Playgroups: Not Just Kid Stuff

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Being a mom can sometimes be isolating. Playgroups offer a uniquely supportive environment where moms and children can make friends and enrich their families’ lives. 

Friday mornings, no matter how inclement the weather, frazzled my nerves, or uncooperative my little darlings, I bundled our weary bones into the car and hit the gas.

Once at my destination, I was embraced with hot coffee, warm banana bread, and soothing friendship. My war stories were heard (“I had just changed her and she threw up all over her new sweater!”), my frustrations acknowledged (“He sat down right on the unfolded laundry and said, ‘Whew, am I beat! What’s for dinner?'”).

Together, we watched our children play and fight and whine and cry, just like they did at home. Yet somehow, alongside each other, it wasn’t so tedious. Three hours later, armed with a full tummy, a nurtured soul, and a fresh perspective, I knew I was not alone. I could face another week of parenting.

This priceless, rejuvenating respite was not found at a spa. It was available right in my own backyard. It was my neighborhood playgroup.

The Importance of Other Mommy Friends

When my daughters were tiny, our playgroup gave my now-grade-schoolers an opportunity to meet new friends, explore new surroundings, and hone their budding social skills. But even more importantly, playgroup gave me a safe,

Despite our differences, we shared a common bond: on a daily basis, we juggled the profound joy and lonely isolation of at-home parenting. Although playgroup was wonderful for our children, on occasion, even the dads, grandparents, in-town visitors, and caregivers joined us. But make no mistake about it. Playgroup was a lifesaver for this mom.

Join a Playgroup …

Before deciding to form my own playgroup, I had enthusiastically—but unsuccessfully—attempted joining lots of other groups. There was the Wednesday drop-in playgroup (too large), a previously established mom’s group (too exclusive), even a cooperative playgroup (too much work). Finally, two neighbors with same-aged children, with whom we had occasionally played, agreed to meet once a week. Over the next few months, two more moms joined us, then two more. We made coffee, ate bagels, gave out juice boxes. Then we took turns hosting. Next we created age-appropriate crafts for the kids. Then we designed a list with phone numbers, addresses, birthdates (of kids andmoms), emails, and husbands’ names. Without even trying, we had formed a neighborhood playgroup.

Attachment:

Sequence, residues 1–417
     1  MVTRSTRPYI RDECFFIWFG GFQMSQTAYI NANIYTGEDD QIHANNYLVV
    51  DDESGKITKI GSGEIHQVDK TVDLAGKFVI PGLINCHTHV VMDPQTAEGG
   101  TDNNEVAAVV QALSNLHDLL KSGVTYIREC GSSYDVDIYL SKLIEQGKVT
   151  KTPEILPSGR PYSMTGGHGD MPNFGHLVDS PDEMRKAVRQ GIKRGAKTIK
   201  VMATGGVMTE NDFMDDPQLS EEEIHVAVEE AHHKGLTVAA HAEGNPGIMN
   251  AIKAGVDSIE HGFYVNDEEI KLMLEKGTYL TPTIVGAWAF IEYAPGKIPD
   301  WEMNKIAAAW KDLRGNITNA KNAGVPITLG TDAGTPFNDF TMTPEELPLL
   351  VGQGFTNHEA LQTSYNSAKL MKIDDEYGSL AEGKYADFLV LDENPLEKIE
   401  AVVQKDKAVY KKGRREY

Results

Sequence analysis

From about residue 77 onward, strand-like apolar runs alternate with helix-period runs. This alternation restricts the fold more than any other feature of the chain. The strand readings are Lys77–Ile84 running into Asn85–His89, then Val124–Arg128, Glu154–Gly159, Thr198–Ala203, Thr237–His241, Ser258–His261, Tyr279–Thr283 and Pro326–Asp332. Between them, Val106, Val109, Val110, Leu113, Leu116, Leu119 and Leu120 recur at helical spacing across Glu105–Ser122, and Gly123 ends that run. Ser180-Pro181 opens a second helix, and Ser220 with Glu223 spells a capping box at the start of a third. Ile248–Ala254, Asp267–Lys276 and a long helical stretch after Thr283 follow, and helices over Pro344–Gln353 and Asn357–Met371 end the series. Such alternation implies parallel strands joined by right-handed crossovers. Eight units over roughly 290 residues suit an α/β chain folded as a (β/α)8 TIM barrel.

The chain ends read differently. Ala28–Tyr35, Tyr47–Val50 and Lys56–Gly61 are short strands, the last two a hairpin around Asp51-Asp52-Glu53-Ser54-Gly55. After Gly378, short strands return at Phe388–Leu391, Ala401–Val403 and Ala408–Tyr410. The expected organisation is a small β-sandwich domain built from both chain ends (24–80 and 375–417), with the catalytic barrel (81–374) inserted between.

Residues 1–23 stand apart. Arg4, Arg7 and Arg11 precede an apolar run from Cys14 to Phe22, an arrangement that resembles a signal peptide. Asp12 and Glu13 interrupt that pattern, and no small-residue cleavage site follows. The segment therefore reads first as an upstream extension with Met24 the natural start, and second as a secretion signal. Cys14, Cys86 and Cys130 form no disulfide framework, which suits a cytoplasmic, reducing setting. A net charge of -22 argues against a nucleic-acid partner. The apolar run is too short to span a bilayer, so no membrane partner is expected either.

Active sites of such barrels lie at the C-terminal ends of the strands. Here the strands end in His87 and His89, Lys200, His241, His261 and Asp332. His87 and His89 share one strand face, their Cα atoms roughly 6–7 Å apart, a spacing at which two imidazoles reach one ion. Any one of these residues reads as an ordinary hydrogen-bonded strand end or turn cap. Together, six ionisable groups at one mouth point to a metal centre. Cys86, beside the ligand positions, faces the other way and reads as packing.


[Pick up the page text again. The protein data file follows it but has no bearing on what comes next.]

As weeks turned into months and years, we hosted potlucks and cookouts with our husbands. Our menus evolved from bagels and a carton of juice to spinach quiche and fruit platters. We cooked chickens for each other’s sick families. We threw birthday parties and snowballs, made pitchers of iced coffees and Margaritas, baked Valentine’s cupcakes and casseroles, soothed bloody lips and crying babies, changed wet diapers and soaked jeans, and made leaf piles and ornaments. We exchanged recipes and child-rearing philosophies. We discussed spirituality, politics, and marriage. We established a rich, nurturing community.

A few years ago, our playgroup adjusted to kindergarten schedules and new babies. We started meeting less frequently. Still, our bond remains. Each Friday morning, wherever my station wagon takes me, I raise my lukewarm coffee and gratefully acknowledge my playgroup pals. Without them, my parenting journey would be a much lonelier road.

… Or Start Your Own

If forming a neighborhood playgroup sounds like something you would enjoy, then read on. You will be giving yourself, your family, and your community an indispensable support system.

A celebration of the love and bond between parents and their babies.

I used to think I loved my husband. Good looks, wicked sense of humor, athletic body and incredibly smart—I thought I loved it all, the whole package. I was wrong.

My feelings for my husband have changed. Since the birth of our first child I’ve come to realize that I didn’t entirely love him before. I only loved part of him, the part that I could see. It was like being fifteen and thinking that kissing was the most exciting feeling in the world until you discovered true passion or enjoying the feel of water in the shower until you stood at the edge of the ocean and felt the waves crash around you. Seeing this man I’ve known for years be a daddy to our little girl, I realize that the big picture is just starting to come into focus and I’m seeing a side of my guy that makes me love and appreciate him even more.

In Your Eyes

The sandy hair, pug nose and tremendous smile that attracted me to my husband are even more beautiful reflected in the face of our daughter. She’s the spitting image of her daddy. When people comment how much they look alike, my favorite line is, “I did all the work and he gets all the credit!” But it’s just for laughs. I honestly adore the fact that they look alike, and I get a special little thrill as he grins and puffs up with pride when strangers notice the resemblance. He’s proud of her, and I in turn, am proud of them both. Now that she’s getting older, she’s begun to adopt some of his mannerisms too. It’s a crack up to see her make the same faces he makes when she doesn’t like something or laugh with the same silly grin. The sight of them together compels me to lean over, kiss the two of them and exclaim, “I love this face!”

Because moms tend to decide what our children wear, what they eat and which type of stroller is best, it’s easy for us to feel like our babies are little extensions of ourselves. Thank goodness for daddy’s dimples, his brown eyes or “that look” that was passed on to our babies to remind us how that precious little person is a part of the big person that we fell in love with long ago.

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